It was bound to happen. No writer or eater could wade into the sticky morass of pitting burgers against one another without stirring up a storm of burger anger. The reactions to our Essential L.A. Burger Battle have been every bit as furious as you might imagine.

On Twitter, readers told us the bracket was flawed from the get-go. Comments on each post through every stage of the tournament informed us why we were idiots. But my favorite reaction came in the form of an email from Sebastian C., who, in reacting to the final matchup between Petit Trois and In-N-Out (in which I declared Petit Trois the winner while In-N-Out was the reader's choice), took it upon himself to poetically stand up for In-N-Out lovers everywhere:

You are slighting the history of the SoCal burger, which in itself should be the benchmark, not some French-slanted concoction too big to even eat. Petit Trois is the aspirational's Outback.

In-N-Out has the sun-bleached soul of generations in the pocket of its starched white shirts, but like the chaparral it keeps growing despite the char. Almost all Southern Californians will experience the Double Double, and despite the problematics of fast food and factory farming it does have some place in the anthropological record of L.A. & environs. Petit Trois never will, and the number of citizens who will dine there proportionate to those who have the In-N-Out urge is about 1:1,000,000, conservatively. Which begs the question: How does the reader's participation in this even matter if in the end you proclaim an esteemed chef the winner? Next: a pancake masterpiece seething with experimental cow butter and rare earth syrup, too massive to contemplate eating, beats IHOP's blueberry Tuesday?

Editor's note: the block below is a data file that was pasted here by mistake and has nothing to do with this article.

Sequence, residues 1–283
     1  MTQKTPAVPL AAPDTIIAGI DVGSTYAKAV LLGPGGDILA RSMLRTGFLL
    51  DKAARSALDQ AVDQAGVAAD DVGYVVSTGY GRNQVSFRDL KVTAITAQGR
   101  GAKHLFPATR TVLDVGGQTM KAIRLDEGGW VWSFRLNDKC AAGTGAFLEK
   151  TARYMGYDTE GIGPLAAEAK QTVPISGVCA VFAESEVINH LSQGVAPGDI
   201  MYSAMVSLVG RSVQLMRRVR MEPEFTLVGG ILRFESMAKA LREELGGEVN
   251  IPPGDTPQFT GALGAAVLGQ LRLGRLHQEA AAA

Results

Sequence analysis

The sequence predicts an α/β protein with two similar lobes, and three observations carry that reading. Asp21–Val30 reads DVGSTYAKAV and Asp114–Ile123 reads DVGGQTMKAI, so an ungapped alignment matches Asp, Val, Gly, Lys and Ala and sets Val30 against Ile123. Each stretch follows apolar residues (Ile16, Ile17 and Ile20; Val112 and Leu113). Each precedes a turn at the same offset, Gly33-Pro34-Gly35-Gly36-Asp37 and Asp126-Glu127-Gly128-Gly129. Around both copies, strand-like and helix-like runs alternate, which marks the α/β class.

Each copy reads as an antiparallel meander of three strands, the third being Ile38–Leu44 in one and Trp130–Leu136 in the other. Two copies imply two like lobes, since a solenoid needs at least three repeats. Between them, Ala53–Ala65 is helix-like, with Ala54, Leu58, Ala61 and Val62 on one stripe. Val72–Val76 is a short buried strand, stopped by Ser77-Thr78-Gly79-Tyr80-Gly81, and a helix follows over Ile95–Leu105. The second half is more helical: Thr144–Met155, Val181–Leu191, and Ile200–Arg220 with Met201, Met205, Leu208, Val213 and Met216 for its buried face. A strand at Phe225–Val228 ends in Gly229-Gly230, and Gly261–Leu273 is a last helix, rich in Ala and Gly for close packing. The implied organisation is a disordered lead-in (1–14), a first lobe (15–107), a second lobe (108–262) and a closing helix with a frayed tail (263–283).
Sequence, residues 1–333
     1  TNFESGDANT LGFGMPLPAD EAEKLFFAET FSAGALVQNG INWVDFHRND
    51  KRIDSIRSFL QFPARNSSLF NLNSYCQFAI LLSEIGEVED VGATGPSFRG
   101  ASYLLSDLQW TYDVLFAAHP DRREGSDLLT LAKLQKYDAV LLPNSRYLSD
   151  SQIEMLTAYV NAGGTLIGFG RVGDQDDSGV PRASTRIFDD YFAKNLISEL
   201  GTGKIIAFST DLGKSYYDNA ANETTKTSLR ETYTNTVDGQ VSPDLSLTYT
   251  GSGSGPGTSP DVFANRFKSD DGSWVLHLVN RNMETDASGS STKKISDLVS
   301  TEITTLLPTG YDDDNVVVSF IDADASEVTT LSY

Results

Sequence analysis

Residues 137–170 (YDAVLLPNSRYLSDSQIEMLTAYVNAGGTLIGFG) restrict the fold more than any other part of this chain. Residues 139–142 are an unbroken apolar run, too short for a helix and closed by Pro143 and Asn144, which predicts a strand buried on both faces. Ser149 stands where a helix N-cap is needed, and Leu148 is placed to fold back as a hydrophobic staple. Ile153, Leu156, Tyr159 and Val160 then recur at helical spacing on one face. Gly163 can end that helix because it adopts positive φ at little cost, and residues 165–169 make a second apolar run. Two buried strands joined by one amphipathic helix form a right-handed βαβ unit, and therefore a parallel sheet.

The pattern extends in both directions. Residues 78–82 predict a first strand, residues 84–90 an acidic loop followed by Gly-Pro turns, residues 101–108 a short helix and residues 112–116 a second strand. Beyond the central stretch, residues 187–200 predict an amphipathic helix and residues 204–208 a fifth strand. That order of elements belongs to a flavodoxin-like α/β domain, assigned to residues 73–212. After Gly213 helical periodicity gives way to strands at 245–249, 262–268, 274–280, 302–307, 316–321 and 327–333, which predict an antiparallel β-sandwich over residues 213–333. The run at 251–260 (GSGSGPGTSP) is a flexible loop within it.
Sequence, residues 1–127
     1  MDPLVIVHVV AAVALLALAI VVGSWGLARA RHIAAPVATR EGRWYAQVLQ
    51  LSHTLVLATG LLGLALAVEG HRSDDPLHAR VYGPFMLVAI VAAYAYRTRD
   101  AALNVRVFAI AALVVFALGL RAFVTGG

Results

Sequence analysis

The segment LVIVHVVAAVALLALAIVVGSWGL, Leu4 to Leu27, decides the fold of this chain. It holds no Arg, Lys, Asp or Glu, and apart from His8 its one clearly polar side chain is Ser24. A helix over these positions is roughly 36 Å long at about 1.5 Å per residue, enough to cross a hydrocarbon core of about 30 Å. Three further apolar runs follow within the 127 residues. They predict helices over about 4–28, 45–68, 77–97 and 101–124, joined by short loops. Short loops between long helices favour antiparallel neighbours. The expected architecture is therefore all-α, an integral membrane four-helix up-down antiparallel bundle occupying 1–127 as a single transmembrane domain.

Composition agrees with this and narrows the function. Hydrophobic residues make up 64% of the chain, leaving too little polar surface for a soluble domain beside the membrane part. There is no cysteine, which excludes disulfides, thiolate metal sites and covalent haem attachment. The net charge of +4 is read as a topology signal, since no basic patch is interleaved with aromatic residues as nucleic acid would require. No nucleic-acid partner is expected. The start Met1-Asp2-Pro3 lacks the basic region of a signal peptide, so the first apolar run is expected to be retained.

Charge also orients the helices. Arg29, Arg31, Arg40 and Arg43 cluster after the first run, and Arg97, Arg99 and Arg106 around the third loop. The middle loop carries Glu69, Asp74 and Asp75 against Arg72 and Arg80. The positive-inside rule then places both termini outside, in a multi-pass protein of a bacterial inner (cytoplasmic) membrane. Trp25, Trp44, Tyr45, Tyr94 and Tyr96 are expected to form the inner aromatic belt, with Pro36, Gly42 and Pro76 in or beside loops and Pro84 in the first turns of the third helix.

It is about the whole experience, not just the menu item. In the end it is the populist vs. specialist structure that has to go. It's fine if you like the Big Mec burger, and proclaim it your favorite, but do that outside a poll program, please. It is offensive to override the poll, in my opinion, especially as a native who grew up in the tradition that I&O is a treat, not an everyday thing.

Can you imagine the tantalizing prospect of your dad saying, “Let's go to In-N-Out!” The anticipation to see how long the line of cars will be, the wait in the line and what you do — like organize your order before you get to the speaker. Then the gentle and patient voice of the order taker, who you would get to see in just a few minutes, and will be as kind as a nurse in getting to the bottom of your condiment needs. Then there is the moment, whether you sit at the tables or dine en voiture, where the life-affirming, hangover-erasing blast of the burger's chemistry hits you, and everyone in your party is like: Yes, this is the shit.

A sensitive approach would have claimed the popular winner for what it is: a cultural experience of history through taste, iconic for a reason, and different from other burgers because of a philosophy embedded in history and beloved. The Petit Trois burger could be gone tomorrow and tough shit.

Got opinions on my or Sebastian's burger loyalties? Leave a comment, or email me at the address below. 

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